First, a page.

Articles: RIP Hammy Concannon


The last thing you think about when buying your first family pet is the day it’s going to die. More common are concerns like `Who is going to end up looking after it?’ or in the case of a rodent, `What happens if it escapes from its cage?’

I don’t remember the exact moment I promised my daughter a hamster but I know was feeling sorry for her. She’d been craving a pet for too long and I had refused everything. We didn’t have room for a dog. Cats scratch. You couldn’t hug a goldfish. Rabbits wreck the garden. By the time we got to hamsters, I’d been broken down. Weren’t they those cute things in The Wind in The Willows?

At the pet shop, I realised my mistake. I looked into the cage and, in my mind, saw a mouse. My daughter tells me I screamed. I know I didn’t because I remember how hard it was not to. I will admit to silent hand flapping and walking very quickly to the other end of the shop. From where I’d abandoned her, my daughter looked at me with big eyes. It was her birthday. I’d promised. That she didn’t say these truths made it worse.

Then I did a terrible thing. I suggested she might prefer something from the toyshop next door. She quietly followed me from the pet shop. Which made me feel terrible. If only she’d argue. In the toyshop, she went straight to the soft toy section and picked out the biggest dog she could find. And I couldn’t do it. I couldn’t let her settle for something she couldn’t feed, talk to or love – without pretending.

`Let’s go back,’ I said.

That’s when we found a particularly hairy hamster that did not resemble a mouse. He became Hammy Concannon.

We had almost two `Hammy’-filled years. And though I could never bring myself to hold him, I did stroke him – whenever I felt under pressure to prove that I loved him. I was very fond of Hammy, so long as he was on the other side of the bars. It was not unusual to find me there, chatting to him when my daughter was asleep or away and I thought he looked lonely. We had many adventures – including my personal favourite, Hammymania, which involved SuperHams (contained in a small box) sliding down a diagonally suspended rope, James Bond style.

And then one day, he wasn’t the same. He was weak and wouldn’t eat or drink. When he walked, he wobbled. It was Sunday. I promised the vet first thing next morning. She asked me if he’d die. I said I didn’t know. Because I kind of suspected he might. I think we both did.

In the morning, afraid to disturb him, we brought him to the vet, where we learned that he had curled up and gone to sleep. And he wouldn’t be waking up any time soon.

`He didn’t feel any pain,’ my seven-year-old son told his older sister. She hugged me tight. And cried. I thought about how much she had loved him and how it was her first experience of death. Then, softie that I am, I was crying too, embarrassing given that it was probably a first for the vet – a grown woman, crying over a hamster.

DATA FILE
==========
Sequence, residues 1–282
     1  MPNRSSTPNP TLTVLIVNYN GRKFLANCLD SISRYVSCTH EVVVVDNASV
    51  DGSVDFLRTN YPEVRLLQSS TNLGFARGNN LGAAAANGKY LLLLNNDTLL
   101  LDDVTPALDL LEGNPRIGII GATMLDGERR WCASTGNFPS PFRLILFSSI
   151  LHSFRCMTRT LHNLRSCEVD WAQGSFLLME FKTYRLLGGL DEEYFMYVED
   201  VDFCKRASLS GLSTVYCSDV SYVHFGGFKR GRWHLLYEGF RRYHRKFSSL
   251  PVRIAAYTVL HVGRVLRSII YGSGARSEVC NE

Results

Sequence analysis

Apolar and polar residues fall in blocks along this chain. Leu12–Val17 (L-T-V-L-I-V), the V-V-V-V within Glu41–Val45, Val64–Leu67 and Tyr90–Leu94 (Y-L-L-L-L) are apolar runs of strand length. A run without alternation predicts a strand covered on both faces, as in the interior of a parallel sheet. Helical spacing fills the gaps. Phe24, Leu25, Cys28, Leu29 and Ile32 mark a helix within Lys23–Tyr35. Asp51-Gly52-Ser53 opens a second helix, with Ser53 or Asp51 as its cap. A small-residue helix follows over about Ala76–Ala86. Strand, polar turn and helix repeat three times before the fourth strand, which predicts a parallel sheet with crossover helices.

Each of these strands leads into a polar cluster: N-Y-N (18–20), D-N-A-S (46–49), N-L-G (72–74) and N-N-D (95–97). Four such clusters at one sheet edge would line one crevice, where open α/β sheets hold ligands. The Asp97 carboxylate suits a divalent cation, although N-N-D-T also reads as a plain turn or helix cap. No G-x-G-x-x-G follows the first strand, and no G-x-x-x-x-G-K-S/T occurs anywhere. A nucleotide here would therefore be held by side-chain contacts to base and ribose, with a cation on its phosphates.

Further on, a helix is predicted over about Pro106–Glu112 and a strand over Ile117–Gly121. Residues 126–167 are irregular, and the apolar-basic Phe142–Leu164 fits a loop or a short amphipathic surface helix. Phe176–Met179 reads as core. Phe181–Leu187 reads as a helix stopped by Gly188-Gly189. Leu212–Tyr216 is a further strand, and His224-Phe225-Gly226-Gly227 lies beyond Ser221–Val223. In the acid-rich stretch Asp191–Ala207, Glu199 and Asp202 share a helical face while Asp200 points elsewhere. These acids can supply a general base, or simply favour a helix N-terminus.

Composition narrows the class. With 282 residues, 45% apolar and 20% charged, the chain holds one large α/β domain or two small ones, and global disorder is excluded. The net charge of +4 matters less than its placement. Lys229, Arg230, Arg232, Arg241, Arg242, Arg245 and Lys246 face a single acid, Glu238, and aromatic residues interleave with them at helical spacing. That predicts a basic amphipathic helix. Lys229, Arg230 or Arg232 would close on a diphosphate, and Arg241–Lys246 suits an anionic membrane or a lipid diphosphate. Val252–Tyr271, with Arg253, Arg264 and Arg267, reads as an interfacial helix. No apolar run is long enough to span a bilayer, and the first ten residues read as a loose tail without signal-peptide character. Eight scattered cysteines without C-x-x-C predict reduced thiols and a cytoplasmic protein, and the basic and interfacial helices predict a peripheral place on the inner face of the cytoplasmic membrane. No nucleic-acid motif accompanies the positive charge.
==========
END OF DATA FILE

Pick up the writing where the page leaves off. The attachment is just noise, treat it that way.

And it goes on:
We took him home. I was surprised when my daughter wanted to bury him straight away. But she was right. Action was what we needed. All that digging helped. Hammy was buried with everything he might need in the `afterlife’, including his favourite foods, even one cereal he didn’t like – in case he changed his mind. My daughter chose a smooth charcoal stone instead of a cross.

`I’m not religious,’ she explained. `And neither was Hammy.’

She carved an inscription on the stone: RIP. Hammy Concannon. Loved pet. Then she lit a candle and said good bye. She told him she loved him. She wasn’t crying. But I was a mess. We came inside. I sat her on my lap, held her. The same brother who told her that Hammy hadn’t felt any pain piped up, `Queen ants live ten times longer than hamsters.’ I shook my head to tip him off that maybe that wasn’t the best conversational tack to take. It was their first experience of death. I don’t think they knew what to say.

I was surprised then in the days that followed by my daughter words of wisdom.

`I’d like him to have lived longer but not in pain.’

`I want to forget him but I don’t.’

`I don’t want another hamster. I want Hammy to be the only one. I wouldn’t be able to love another hamster as much. Maybe I’ll get a different pet. But in a few months.’

When, in the middle of something, she’d remember he was gone, her eyes would water. I’d tell her that I’d be her hamster, to squeeze me really tight and see if she could make me burp. A week later, she drew him. We got photos of him developed. Where his cage was, is now covered with cuddly toys. And there is a place on the wall in honour of Hammy where his picture and photos are displayed. And to think that we’d have missed all that if we’d left that toyshop with a soft toy.


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